During the electrode research sessions, he wrote, “It’s almost like having a second chance to speak again.”
Pancho was a healthy farm laborer who worked in the California vineyards until he was in a car accident after a soccer game on a summer Sunday. After having had an operation for severe stomach damage, he was discharged from the hospital and left the hospital, talking and thinking that he was on the way to recovery.
The next morning, however, I “vomited and couldn’t hold on,” he wrote. Doctors said he had a brainstem stroke, apparently caused by a postoperative blood clot.
A week later, he woke up from a coma in a small, dark room. “I tried to move but I couldn’t lift a finger, then I tried to speak but I couldn’t say a word,” he wrote. “So I started crying, but since I couldn’t make a sound, all I did was a series of horrific gestures.”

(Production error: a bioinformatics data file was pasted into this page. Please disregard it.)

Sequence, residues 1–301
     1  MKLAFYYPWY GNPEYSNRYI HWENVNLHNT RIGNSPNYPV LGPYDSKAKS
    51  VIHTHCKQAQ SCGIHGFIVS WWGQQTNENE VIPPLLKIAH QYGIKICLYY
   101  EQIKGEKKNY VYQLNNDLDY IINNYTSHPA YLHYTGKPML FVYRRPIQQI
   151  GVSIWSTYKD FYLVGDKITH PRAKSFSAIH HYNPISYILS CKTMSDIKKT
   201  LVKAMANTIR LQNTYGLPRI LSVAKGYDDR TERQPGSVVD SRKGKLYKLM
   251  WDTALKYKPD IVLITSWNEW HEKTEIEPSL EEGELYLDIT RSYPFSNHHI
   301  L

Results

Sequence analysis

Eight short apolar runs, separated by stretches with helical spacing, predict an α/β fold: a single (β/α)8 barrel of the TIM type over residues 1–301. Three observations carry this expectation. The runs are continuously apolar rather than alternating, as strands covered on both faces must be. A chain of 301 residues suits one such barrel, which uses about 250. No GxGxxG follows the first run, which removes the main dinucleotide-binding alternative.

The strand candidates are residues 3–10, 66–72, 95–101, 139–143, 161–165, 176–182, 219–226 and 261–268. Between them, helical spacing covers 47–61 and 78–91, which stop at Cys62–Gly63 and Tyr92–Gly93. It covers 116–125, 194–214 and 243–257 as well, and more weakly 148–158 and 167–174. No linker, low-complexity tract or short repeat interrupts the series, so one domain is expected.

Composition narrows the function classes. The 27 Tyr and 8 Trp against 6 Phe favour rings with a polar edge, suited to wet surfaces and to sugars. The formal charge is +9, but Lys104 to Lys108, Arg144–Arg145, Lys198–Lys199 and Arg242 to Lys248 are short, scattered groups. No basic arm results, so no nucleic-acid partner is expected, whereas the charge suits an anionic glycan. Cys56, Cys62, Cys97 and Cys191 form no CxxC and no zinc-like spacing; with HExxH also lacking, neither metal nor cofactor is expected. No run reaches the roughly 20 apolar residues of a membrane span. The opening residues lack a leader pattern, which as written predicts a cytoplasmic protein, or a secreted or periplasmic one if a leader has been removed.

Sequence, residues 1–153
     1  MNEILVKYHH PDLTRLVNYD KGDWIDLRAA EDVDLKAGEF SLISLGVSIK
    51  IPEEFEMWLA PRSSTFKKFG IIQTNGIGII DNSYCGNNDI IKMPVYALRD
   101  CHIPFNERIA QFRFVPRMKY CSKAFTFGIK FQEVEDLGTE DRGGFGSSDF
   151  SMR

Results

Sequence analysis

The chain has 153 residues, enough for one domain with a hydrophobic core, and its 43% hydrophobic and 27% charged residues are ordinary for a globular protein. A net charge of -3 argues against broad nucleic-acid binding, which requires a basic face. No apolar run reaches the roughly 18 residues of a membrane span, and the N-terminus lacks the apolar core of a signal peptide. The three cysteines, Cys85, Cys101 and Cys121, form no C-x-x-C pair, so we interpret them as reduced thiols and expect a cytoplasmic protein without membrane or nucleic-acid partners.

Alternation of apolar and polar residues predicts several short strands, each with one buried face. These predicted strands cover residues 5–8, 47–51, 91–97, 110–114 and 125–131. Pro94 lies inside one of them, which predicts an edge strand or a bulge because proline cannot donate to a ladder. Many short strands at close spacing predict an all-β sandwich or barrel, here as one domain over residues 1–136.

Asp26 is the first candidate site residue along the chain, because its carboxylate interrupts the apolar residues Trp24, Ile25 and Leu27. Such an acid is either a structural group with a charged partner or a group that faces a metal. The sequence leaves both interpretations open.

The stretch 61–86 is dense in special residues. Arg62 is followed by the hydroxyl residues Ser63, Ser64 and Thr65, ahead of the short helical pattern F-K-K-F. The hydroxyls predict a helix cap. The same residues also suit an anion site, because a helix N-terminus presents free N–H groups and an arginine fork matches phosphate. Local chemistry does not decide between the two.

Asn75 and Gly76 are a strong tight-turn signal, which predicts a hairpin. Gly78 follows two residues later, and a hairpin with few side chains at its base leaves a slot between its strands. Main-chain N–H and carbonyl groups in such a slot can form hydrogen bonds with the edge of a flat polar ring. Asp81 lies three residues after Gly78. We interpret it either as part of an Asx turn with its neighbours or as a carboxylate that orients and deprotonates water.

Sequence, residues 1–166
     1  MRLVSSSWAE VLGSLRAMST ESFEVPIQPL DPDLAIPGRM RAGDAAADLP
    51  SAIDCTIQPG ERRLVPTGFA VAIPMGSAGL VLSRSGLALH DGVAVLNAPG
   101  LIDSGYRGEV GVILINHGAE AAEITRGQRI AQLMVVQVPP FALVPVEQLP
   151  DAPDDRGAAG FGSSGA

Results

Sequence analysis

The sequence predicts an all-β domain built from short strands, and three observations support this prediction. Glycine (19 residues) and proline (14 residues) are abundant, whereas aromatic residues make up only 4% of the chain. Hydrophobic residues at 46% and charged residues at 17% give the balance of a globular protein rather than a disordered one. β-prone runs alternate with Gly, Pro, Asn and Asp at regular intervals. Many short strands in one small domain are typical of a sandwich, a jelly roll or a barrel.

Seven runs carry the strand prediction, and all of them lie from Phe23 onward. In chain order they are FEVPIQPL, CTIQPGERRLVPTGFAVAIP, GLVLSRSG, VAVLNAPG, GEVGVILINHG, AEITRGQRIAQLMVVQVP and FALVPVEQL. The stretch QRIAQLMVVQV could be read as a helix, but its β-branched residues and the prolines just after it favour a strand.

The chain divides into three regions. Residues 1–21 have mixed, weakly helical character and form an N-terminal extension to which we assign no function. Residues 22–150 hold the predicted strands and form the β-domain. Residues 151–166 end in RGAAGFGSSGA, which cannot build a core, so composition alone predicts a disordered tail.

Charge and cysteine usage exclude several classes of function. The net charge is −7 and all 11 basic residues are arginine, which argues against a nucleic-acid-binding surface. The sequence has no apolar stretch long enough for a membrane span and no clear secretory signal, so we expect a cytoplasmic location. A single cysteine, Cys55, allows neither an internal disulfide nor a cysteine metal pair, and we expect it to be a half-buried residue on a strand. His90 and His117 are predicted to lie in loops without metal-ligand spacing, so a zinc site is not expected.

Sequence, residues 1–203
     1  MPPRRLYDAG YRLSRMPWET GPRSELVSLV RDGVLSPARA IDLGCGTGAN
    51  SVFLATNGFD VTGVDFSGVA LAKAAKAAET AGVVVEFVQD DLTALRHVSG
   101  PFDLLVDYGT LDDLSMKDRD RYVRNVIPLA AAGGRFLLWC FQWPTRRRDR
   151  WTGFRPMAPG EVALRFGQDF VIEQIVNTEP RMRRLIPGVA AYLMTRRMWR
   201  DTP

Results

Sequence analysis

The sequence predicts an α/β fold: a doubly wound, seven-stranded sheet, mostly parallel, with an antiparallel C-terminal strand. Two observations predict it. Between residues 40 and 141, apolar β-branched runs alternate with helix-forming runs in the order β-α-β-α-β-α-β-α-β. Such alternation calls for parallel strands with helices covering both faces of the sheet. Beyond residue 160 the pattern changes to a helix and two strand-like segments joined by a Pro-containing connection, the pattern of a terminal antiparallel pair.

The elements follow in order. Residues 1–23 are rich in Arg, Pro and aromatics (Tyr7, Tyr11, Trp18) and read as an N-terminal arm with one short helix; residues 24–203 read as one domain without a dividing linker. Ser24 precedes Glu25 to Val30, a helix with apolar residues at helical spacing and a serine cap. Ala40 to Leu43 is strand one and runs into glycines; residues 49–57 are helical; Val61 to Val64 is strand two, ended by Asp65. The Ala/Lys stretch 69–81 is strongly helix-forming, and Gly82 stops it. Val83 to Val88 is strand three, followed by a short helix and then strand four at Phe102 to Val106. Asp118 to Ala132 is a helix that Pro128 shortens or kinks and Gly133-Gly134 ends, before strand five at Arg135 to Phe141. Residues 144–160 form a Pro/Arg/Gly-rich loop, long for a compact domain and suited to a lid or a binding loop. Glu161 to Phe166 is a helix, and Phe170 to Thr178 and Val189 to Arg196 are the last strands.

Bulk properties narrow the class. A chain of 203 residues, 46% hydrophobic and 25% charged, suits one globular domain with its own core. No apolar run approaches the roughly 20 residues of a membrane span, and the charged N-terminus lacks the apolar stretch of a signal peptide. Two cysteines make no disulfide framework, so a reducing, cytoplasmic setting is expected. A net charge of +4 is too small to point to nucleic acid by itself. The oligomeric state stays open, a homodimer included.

It was terrifying. “I wish I had never woken up from the coma I was in,” he wrote.
This new approach, known as neural language prosthetics, is part of a wave of innovations designed to help tens of thousands of people who can’t speak but whose brains contain the nerve pathways to generate speech, said Leigh Hochberg, a neurologist who at Massachusetts General Hospital, Brown University, and the Department of Veterans Affairs, who were not involved in the study but co-wrote an editorial about it.
Among these people there might be some with brain damage, diseases like amyotrophic lateral sclerosis (also known as Lou Gehrig’s disease), or cerebral palsy, which causes patients to lack muscle control to speak.